Another shot

The weakened and disordered French take more casualties, but just manage to retain some form of cohesion despite being forced further back

However the Russians have the initiative now and are not going to let it go: another assault is launched

And this time it is all over very quickly - the central French units break, their guns are overrun, and the flanking infantry retires in its turn after the defeat of its main attack

There was some minor additional action as night fell but nothing of any great importance happened, so I didn't bother to record it.  Essentially Grouchy demonstrated against Pahlen but didn't attack; Ney arrived and demonstrated against Olsufiev who retired to his starting positions, but both sides declined to attack.

Game Notes: Quite short and sweet this one, since Blucher (or more properly, Olsufiev and Scherbatov) could do - or at least roll - no wrong and Victor's attack entirely miscarried...this left Napoleon too weak to attack again with much hope of success, but every chance of being utterly destroyed.  Since this is a 'one-off' game I maybe should have tried but I don't typically play it like that, it somehow feels a bit game-y and destroys the immersion - I probably should re-think this! 

Anyway, this was also partly the reason I wanted to give this a try with Polemos General de Division first: I suspected that it might struggle to replicate the real battle...and it did a bit: this is because attritional offenisve strategies can rarely work in Polemos GdD - fire is just too indecisive and really struggles against defenders in buildings, but close assault is risky and difficult too.  I suspect it will be a bit easier for the French in Polemos Ruse de Guerre to get a decent assault going.

In comparing the two rulesets, there is only one thing which is perhaps more tricky in RdG than GdD, especially for the solo player: it has many more 'dials' for influencing the initiative (i.e. tempo).  Individual brigadiers are rated for competence, as are divisional commanders and corps commanders in this type of battle.  There is also an extra stage in the tempo process.  As a solo player, that can be quite a lot of extra stuff to record and remember although for the multi-player games that some of these scenarios are designed for, it isn't a problem at all.  Anyway, I am looking forward to giving this a try with RdG soon.

More importantly than any of that though it was just good to get a game back on the table.  I have sorted out my stuff and hopefully this will enable a few more games to be played, although I will have to approach things in a different way: I will struggle to leave things set up the way I have in the past, so I will have to be more disciplined and prepare games like I was going to a club - set-up, play, take down and put away.

Figures by Baccus 6mm, buildings mainly by Leven in this one.

And just to round off, here is a picture of the Toronto club's game:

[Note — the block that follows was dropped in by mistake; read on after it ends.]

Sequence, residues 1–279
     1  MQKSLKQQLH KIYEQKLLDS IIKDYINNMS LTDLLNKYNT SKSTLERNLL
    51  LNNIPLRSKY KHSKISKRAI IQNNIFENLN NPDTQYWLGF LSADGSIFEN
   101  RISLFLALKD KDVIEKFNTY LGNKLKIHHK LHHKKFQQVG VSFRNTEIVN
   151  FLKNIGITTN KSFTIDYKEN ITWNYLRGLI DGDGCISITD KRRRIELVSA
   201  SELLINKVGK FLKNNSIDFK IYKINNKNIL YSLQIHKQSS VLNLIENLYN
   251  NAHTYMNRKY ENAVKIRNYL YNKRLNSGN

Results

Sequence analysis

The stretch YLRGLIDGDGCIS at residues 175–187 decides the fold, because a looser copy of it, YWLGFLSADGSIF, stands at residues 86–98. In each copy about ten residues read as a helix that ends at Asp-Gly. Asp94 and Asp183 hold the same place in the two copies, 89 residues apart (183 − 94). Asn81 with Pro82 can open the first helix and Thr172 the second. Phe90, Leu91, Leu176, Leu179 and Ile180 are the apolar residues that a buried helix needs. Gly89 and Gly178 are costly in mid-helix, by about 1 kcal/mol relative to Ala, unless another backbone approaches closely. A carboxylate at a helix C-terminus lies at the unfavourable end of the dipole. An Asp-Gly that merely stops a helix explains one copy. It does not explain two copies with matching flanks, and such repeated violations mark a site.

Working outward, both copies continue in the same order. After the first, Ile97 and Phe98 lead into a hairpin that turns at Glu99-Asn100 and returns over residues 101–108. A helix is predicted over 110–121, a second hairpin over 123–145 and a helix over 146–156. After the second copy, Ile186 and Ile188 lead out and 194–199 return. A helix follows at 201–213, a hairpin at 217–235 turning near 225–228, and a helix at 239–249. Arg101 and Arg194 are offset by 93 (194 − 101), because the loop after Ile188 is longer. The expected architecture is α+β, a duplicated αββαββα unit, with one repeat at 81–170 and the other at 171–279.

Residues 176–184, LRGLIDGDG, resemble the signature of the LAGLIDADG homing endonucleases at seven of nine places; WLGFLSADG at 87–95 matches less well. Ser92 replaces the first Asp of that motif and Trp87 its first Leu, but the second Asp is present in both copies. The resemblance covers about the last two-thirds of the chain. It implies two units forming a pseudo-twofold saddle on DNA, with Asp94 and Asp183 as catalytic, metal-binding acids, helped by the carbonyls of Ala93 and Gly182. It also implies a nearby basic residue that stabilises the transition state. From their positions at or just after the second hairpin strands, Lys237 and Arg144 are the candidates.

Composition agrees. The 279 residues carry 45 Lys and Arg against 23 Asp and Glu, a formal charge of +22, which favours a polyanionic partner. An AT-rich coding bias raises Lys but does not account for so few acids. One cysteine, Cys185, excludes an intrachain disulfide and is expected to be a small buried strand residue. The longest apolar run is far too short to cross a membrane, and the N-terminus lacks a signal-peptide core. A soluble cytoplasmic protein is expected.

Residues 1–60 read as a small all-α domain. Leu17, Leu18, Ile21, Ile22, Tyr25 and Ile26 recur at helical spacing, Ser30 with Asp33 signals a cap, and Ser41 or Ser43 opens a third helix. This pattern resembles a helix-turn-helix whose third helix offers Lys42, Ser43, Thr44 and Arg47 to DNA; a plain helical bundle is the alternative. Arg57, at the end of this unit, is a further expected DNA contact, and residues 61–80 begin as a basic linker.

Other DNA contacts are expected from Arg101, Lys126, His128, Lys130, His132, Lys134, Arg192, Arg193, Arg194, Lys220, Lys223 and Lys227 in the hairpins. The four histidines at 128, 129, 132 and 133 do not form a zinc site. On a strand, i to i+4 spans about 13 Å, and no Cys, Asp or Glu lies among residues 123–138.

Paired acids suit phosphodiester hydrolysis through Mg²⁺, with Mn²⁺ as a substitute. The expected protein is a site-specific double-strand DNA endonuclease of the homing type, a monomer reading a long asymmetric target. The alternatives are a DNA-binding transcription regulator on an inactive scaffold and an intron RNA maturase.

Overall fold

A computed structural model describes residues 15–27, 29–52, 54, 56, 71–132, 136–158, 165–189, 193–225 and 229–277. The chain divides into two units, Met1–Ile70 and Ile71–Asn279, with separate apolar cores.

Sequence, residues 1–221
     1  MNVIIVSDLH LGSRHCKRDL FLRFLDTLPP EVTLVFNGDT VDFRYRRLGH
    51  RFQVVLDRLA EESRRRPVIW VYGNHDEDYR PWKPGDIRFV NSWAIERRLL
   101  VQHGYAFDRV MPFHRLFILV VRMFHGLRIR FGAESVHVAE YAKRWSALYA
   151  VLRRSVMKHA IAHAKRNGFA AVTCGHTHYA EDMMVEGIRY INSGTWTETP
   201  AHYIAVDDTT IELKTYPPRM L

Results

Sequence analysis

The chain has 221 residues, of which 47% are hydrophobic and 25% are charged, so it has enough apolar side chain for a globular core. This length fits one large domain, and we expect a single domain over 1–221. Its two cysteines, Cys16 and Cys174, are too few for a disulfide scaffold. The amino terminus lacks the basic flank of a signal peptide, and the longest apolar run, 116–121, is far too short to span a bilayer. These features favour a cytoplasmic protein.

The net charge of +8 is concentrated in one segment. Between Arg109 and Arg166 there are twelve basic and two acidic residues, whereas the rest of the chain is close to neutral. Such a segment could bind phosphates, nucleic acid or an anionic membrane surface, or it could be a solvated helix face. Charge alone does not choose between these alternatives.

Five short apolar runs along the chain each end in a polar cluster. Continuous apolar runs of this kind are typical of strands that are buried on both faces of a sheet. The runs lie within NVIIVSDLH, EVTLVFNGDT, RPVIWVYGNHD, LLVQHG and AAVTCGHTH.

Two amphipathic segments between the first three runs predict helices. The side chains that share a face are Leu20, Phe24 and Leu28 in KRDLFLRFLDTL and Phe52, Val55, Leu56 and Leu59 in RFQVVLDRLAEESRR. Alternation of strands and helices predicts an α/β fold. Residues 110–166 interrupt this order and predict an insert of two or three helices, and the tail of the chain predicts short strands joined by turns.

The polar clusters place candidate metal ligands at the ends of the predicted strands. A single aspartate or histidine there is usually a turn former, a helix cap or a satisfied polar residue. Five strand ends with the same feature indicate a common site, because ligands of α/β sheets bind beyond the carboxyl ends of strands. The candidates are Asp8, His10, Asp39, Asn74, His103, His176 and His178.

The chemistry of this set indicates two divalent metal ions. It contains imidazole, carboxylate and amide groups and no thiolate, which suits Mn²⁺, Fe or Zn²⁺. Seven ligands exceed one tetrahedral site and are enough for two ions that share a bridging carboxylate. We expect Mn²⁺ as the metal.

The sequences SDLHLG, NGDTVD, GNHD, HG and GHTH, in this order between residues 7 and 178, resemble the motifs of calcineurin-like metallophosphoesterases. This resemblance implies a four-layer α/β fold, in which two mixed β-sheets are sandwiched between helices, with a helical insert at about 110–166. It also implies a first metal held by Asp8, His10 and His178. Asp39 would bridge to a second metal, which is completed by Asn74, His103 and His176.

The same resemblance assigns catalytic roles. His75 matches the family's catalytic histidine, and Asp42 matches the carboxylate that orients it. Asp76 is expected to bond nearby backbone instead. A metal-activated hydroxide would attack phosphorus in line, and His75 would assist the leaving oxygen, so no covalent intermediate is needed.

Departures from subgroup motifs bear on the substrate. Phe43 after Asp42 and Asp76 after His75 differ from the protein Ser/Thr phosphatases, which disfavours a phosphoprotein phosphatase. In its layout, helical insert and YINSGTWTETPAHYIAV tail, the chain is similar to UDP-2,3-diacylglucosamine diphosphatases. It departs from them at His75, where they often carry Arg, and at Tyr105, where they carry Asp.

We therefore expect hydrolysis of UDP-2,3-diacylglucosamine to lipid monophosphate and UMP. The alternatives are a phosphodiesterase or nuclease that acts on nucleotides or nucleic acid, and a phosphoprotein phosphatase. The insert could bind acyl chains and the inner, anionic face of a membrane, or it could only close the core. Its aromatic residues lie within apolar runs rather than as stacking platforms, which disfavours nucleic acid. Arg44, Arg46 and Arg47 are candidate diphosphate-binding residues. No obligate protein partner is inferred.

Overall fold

Saturday, 12 September 2020

A Frustrating Period...

 Having just finished a long-running educational commitment, I had been looking forward to resuming gaming with gusto at the beginning of September, getting the next battle of my Gallic War campaign fought and bringing some of my new toys to the table. Life has not worked out like that!  The demands of my growing family for space have meant that I am again without a viable gaming space currently, until I can swap things around sufficiently to make one.  I may end up back in the garage, although it is pretty much a storeroom currently and does get pretty chilly in winter.  I can start playing on the kitchen table, although that never really works as well as it might: my house is just too busy a place and crucially there is nowhere to store my toys close to it.  Storage space generally is becoming tight, even for my primarily 6mm-focused collection. So what to do?

One possibility would be to concentrate on a few low model-count and low terrain-count games.  Another would be to concentrate on playing boardgames more and leaving miniatures games for my rare face-to-face encounters.  Both these courses of action might imply big changes to my gaming plans and although I do like smaller games and boardgames, I do like to play the bigger actions in a wide variety of periods too.  But my home gaming seems to be hitting some kind of physical limits at the moment, and I am not quite sure how to overcome them.  Wish me luck!

Thursday, 6 August 2020

God's Own Scale Podcast - Interview

 A little while ago, Sean from God's Own Scale podcast asked to interview me for one of his shows.  I was happy to oblige and Sean has now released the results - please check it out here.

We talk about 6mm figures, Polemos and WRG rules, solo gaming, campaign games and much else...

Very many thanks to Sean for inviting me on and putting the show together.

Saturday, 1 August 2020

Hobby Update 01 August 2020

I have been adding to my 15mm Cold War Gone Hot forces recently, with some more models from Battlefront.  This time, it is the Brits!

A reduced Mechanized Infantry platoon (I have kept a few figures back for some conversions).

And an FV432, a Chieftain and a Scimitar

I am doing some renovating of some badly painted and slightly damaged 15mm WW2 Germans - a mixture of PSC, Peter Pig, Battlefront and QRF...

And the Mech Platoon finished off and based

Another shot

The Chieftain and the Scimitar